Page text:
Cairo: A purported withdrawal by Yemen’s Al Houthis from three ports in the western city of Hodeida is an attempt by the Iran-allied militants to evade their obligations under a UN-sponsored peace deal, analysts and officials have said. Al Houthis said they began unilaterally withdrawing on Saturday from the ports of Hodeida, Saleef and Ras Eisa in the Red Sea city under an agreement reached in Sweden in December. The UN said it is monitoring the pullout, which will continue until Tuesday. Yemen’s internationally-recognised government sounds sceptical about the move.
“This alleged pullout gives the false impression that there is progress in implementing the Stockholm agreement five months after it was signed,” said Adnan Mansour, a Yemeni political expert living in Cairo.
“But in the absence of joint supervision from the three sides [the government, the UN and Al Houthis] as the agreement stipulates, this step is deceptive. It will even fuel misgivings about both the militias and the UN role,” he told Gulf News.
This alleged pullout gives the false impression that there is progress in implementing the Stockholm agreement five months after it was signed.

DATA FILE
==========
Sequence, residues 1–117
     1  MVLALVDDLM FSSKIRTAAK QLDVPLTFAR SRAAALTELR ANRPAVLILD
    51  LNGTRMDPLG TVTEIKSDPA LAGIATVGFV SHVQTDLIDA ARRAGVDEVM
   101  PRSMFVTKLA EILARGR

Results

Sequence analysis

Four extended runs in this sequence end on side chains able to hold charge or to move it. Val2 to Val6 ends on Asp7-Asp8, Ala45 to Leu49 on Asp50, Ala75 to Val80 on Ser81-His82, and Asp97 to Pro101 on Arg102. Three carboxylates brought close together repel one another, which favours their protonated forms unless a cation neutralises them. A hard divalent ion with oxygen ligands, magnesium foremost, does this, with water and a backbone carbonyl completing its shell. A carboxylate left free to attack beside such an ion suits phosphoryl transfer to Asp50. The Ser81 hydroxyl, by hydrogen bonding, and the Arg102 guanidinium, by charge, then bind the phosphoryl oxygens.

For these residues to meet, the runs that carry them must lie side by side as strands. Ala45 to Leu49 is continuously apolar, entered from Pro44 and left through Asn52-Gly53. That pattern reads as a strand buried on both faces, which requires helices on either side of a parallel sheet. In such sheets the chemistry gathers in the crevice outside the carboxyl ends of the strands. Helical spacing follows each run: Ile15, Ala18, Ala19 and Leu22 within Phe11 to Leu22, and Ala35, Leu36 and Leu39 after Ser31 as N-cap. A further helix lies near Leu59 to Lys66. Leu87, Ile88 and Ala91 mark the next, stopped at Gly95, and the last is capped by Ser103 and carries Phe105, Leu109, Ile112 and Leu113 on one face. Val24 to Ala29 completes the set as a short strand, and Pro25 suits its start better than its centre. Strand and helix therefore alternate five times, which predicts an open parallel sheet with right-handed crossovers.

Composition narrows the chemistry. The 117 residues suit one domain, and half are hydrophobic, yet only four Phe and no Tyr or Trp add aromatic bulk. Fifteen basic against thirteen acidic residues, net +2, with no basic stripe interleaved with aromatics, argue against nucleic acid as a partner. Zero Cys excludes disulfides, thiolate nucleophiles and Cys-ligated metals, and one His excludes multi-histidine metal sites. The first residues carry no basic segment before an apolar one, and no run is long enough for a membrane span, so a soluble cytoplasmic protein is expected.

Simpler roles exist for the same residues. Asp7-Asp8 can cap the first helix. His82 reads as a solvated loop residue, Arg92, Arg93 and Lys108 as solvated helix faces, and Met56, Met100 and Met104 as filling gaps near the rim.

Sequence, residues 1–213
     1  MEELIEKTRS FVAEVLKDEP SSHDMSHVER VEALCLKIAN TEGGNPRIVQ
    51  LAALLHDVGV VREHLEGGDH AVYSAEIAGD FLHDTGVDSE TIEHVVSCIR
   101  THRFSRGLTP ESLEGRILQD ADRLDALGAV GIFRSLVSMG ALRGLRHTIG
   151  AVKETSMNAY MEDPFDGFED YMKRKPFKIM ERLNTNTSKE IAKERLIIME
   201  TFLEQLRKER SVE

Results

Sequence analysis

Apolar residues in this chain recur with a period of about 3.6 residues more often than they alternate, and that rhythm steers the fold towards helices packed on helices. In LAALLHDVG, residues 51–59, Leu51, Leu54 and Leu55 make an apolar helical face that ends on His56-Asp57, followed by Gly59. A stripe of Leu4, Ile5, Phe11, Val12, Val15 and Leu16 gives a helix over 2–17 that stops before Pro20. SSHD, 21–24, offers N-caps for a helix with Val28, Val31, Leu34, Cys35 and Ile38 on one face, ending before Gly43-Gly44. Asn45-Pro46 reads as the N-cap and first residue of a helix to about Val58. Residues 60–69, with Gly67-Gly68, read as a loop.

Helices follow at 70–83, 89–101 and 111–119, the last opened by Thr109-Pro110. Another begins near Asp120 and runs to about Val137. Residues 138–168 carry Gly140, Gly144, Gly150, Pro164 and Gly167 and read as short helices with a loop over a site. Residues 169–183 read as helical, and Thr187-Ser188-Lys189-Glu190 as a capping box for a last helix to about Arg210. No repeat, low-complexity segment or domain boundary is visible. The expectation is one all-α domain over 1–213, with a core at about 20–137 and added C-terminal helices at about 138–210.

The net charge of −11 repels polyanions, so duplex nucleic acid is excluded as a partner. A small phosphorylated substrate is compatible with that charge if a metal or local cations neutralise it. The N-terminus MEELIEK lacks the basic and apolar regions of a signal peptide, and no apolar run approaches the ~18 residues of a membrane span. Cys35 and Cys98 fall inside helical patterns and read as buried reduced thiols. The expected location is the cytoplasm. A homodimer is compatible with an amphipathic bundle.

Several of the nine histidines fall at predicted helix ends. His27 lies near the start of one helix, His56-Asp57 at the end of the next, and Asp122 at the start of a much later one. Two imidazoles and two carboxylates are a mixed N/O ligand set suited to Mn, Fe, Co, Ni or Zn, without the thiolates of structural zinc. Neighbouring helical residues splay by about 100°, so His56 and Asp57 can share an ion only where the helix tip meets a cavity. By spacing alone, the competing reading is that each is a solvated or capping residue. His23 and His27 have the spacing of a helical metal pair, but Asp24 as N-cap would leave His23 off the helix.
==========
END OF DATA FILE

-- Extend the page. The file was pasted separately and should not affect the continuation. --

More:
“It seems that the UN envoy for Yemen [Martin Griffiths] is eager to see any progress, even if it were untrue. But this will damage his credibility and that of the international organisation,” Mansour said.
The UN–brokered Sweden pact was seen as the first real successful agreement between the Yemeni government backed by a Saudi-led coalition and Al Houthi extremists.
However, over the past five months, Al Houthis have blocked moves to put the deal into effect and repeatedly violated a truce in Hodeidah.
“For their part, Al Houthis have been under international pressure in the last months in order to carry out their commitments under the Stockholm agreement. By claiming this one-sided withdrawal, they hope to alleviate this pressure and score a PR victory,” Mansour said.
In the same vein, Yemeni politician Yassin Saeed said the withdrawal declaration could be a sort of camouflage.
“It may be a move meant to spare the UN envoy embarrassment when he presents a briefing to the [UN] Security Council on May 15 about the implementation of the Stockholm accord,” Saeed said, according to the Yemeni news portal Adan Al Ghad.
Saeed warned that any step, which gives Al Houthis a chance to renounce their commitments, will scuttle the Sweden deal.
“Therefore, it is the duty of the government to insist that Al Houthis carry out a complete pullout in Hodeida,” he added.
The internationally-recognised government has called into question Al Houthis’ alleged withdrawal.
“Any unilateral redeployment without joint monitoring and verification is considered a circumvention of the agreement and a ridiculous play like before,” said Saghir Bin Azziz, the head of the government team at a Hodeida redeployment panel. “This will expose the UN,” he added in a tweet.
In late December, Al Houthis claimed to have handed over the Hodeida harbour. Soon, it turned out they surrendered it to their loyalists.